Also in 2002, I had the unexpected opportunity of being able to visit Wimbledon, although much of the day was plagued by rain. However, this did not spoil the enjoyment or the experience of a unique atmosphere, especially within the confines of the show courts. I was fortunate in having access to the Players’ enclosure which meant that I was undercover most of the time when it was raining! For tennis aficionados, that year saw Lleyton Hewitt of Australia take the Men’s Singles Title.

Common Courtesy

Another brief trip down memory lane…

Exactly seven years ago this month, most days seemed endless and extremely boring. I was in the early stages of living life without gainful employment and even though I would often grumble about the daily routine of work, it does give a purpose to each day. With typical dull, cold and wet British weather, I had little incentive to venture out of doors, thereby exacerbating an already strenuous situation. Almost daily, my life was taken up with searching for new employment. For anyone not over familiar with this task, it is an extremely time-consuming and wearisome occupation, endlessly scanning the plethora of job sites available on the internet. One of the most frustrating things I discovered was that jobs were not classified under sufficient headings, so in order to find potential opportunities, it was necessary to search under almost every category. Once the slowness of page downloads was taken into account, the hours of the day quickly passed by! Of course, this was in the days before ADSL broadband connectivity was widely available!

In order to try and numb my boredom, I participated in the National IQ Test 2003 via interactive television. This was the one bright spark in a gloomy month… Normally, I’m not one to blow my own trumpet (perhaps that’s where I have been going wrong in life!) but I achieved an IQ of 136 which compared very favourably with the national average of 105! This was also in a period when the average IQ had been falling.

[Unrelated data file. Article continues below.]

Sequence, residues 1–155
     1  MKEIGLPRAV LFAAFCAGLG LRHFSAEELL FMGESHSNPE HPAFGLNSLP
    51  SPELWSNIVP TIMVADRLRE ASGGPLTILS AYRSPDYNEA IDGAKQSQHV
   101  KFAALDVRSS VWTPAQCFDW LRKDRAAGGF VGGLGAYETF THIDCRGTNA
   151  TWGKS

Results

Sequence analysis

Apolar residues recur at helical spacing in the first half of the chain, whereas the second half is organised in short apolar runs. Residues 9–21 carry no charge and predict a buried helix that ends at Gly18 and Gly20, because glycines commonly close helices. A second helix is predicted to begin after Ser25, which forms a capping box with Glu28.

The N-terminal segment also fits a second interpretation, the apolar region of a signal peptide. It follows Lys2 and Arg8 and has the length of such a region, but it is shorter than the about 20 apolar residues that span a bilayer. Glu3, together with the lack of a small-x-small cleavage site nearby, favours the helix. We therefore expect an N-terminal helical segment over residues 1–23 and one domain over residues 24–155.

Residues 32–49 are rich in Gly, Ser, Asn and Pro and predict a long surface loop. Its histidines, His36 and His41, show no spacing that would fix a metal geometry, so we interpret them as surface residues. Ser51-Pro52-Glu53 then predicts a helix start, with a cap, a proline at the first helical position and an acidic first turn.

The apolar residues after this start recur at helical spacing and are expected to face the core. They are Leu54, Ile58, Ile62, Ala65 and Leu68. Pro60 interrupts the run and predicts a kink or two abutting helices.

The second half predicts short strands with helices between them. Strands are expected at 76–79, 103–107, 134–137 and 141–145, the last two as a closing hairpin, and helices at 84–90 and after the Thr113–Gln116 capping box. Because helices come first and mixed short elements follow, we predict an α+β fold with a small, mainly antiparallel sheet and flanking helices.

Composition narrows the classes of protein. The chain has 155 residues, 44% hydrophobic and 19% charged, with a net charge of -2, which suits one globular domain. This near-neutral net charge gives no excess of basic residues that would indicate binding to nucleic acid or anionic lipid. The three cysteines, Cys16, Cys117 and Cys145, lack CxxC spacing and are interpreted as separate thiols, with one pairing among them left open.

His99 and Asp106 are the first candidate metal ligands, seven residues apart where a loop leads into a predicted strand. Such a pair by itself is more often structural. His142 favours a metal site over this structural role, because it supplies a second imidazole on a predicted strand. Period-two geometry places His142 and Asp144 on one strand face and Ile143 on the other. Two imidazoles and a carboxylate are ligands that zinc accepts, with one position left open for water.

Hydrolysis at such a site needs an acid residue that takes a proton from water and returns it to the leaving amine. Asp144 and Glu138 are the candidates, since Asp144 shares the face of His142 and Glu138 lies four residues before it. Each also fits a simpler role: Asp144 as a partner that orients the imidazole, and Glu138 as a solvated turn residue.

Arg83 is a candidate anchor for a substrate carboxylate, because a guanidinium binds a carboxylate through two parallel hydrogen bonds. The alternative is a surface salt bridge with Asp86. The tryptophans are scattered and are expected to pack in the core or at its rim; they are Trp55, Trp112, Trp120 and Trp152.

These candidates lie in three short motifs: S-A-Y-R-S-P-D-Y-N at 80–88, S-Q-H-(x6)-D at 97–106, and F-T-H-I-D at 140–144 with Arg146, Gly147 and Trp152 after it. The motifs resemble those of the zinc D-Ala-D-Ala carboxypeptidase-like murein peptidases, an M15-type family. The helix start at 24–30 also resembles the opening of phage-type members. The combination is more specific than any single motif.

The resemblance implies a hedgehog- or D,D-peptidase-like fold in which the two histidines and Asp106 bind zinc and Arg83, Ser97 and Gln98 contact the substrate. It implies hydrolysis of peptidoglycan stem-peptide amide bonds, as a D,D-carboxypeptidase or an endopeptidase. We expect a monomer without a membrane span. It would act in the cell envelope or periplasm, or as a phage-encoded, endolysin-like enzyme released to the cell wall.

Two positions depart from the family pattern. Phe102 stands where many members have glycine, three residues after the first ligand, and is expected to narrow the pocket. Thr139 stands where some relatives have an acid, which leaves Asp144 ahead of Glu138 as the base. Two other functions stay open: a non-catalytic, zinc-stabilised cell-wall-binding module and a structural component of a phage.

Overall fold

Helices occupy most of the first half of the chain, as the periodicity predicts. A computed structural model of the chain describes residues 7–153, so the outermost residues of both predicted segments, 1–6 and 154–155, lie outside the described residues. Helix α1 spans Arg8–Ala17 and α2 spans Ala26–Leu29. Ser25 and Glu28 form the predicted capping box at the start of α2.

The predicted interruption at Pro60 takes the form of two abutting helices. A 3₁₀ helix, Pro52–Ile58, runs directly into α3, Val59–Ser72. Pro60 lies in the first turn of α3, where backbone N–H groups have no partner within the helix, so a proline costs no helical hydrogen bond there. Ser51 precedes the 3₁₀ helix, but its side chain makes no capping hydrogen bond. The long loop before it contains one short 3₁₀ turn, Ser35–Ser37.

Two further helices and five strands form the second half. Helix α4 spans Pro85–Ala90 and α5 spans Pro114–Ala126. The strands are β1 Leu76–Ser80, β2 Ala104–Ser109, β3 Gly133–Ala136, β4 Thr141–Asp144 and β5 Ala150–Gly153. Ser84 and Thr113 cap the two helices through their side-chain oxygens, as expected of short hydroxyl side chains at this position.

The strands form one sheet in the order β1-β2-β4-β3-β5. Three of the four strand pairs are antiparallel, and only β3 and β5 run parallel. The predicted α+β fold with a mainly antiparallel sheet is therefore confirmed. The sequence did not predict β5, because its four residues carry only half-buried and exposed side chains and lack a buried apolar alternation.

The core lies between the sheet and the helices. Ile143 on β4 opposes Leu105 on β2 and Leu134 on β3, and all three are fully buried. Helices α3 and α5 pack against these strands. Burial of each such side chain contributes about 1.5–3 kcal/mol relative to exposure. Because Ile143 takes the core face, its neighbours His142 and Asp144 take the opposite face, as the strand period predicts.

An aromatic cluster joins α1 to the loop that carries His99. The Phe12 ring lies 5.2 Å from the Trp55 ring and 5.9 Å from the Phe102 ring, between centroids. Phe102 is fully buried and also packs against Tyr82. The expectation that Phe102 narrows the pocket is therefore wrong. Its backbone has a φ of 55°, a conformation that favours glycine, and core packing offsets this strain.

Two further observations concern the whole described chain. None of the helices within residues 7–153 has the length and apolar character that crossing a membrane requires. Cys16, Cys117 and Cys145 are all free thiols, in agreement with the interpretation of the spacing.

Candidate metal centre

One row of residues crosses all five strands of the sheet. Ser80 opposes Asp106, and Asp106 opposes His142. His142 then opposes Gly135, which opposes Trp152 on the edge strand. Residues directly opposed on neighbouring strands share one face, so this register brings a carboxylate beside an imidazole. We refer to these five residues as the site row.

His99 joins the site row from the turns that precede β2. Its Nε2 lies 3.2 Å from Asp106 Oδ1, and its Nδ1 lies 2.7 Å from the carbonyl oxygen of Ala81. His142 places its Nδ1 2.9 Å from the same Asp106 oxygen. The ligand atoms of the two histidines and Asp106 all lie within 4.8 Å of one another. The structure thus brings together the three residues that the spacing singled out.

With only twelve days of employment remaining, it was very evident that certain people were keeping their distance. It never ceases to amaze me just how many individuals see a person for what they do rather than for who they are; indeed, inconveniences such as a period of unemployment (through no fault of my own, incidentally!) can prove to be a real test of true friendship.

Looking back, I made one of my final day trips to France. This was predominantly for the purpose of stocking up on some cheap booze…I anticipated being in need of copious quantities to drown my sorrows! There was also time to enjoy some of the local scenery in close proximity to Calais and the weather was fine, in marked contrast to that in Britain at the time. I stated that it was one of my final day trips for several reasons. Firstly, the costs of such day trips are now much higher since the abolition of cheap day ferry tickets. Secondly, the cost of alcohol in this country is now comparatively lower than several years ago, and thirdly, I no longer live within reasonable travelling distance of Dover for the short crossing to northern France. The trip from my local port takes in excess of 6 hours and lands in Brittany!

A final word on the subject of seeking new employment. I found it both frustrating and extremely discourteous that companies seemingly ignored applications and correspondence. Even jobs applied for via e-mail failed to generate a response, despite the fact that it takes but a few seconds to acknowledge a communication with minimal cost. Incidentally, nothing has improved with regard to replies from companies as recent experience will testify. Perhaps I am old fashioned and expect too much from people, but if more common courtesy was extended between human beings, then the world would be a far better place.